Anger over plan to ask people to pay to use games area in popular Sheffield park

A Sheffield park users’ group are worried that council plans for a ‘pay to play’ multi-games area will mean fewer people can use a popular spot.
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The Friends of Hillsborough Park say that the area earmarked for a Multi-User Games Area (MUGA) with a cafe and toilets is already a popular space for visitors to play casual games such as basketball on the hardstanding surface and have football kickabouts.

It is also the base for weekly riding sessions run by Sheffield Cycling 4 All for people with disabilities.

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Four floodlit tennis courts would be moved to make room for the MUGA and the plan is to replace only three.

Andy Chaplin, treasurer of the Friends of Hillsborough Park, Sheffield, who are objecting to a city council 'pay to play' plan for an upgraded multi-use games area (MUGA) in the parkAndy Chaplin, treasurer of the Friends of Hillsborough Park, Sheffield, who are objecting to a city council 'pay to play' plan for an upgraded multi-use games area (MUGA) in the park
Andy Chaplin, treasurer of the Friends of Hillsborough Park, Sheffield, who are objecting to a city council 'pay to play' plan for an upgraded multi-use games area (MUGA) in the park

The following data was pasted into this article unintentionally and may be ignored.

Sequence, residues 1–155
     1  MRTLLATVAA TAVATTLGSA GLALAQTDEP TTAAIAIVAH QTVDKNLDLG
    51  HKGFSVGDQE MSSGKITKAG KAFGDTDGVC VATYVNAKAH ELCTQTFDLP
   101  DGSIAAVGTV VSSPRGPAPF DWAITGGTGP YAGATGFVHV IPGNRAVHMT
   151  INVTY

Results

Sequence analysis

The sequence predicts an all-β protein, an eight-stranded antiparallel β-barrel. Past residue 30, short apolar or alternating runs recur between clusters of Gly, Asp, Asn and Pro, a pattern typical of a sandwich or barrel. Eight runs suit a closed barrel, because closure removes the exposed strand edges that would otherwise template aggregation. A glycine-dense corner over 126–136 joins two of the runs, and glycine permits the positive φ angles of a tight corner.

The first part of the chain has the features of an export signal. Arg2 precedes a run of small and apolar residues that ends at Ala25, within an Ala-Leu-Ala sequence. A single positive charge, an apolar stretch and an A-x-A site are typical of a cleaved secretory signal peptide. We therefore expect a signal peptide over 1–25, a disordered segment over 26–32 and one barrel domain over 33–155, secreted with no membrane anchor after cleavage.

The council says it wants to improve the area. Current plans include the three tennis courts, indoor Padel tennis – a simplified form of the game – a games area for basketball, netball and five-a-side football, a mini golf course and an “informal access space”.

The council says that the idea has come about because of consultations last year with local people and park users. It is one of several MUGA plans proposed citywide.

Andy Chaplin, treasurer of the Friends group, says he is puzzled by the inclusion of a cafe and toilets as there are both only yards away at the restored old coach house in the park.

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He said: “It’s about getting active! You can walk from there.”

Tom Collister, project co-ordinator at Sheffield Cycling 4 All, says the group would prefer to keep using the current area of Hillsborough Park, Sheffield where they run public sessions for people with disabilities. The city council plans  'pay to play' plan for an upgraded multi-use games area (MUGA)Tom Collister, project co-ordinator at Sheffield Cycling 4 All, says the group would prefer to keep using the current area of Hillsborough Park, Sheffield where they run public sessions for people with disabilities. The city council plans  'pay to play' plan for an upgraded multi-use games area (MUGA)
Tom Collister, project co-ordinator at Sheffield Cycling 4 All, says the group would prefer to keep using the current area of Hillsborough Park, Sheffield where they run public sessions for people with disabilities. The city council plans 'pay to play' plan for an upgraded multi-use games area (MUGA)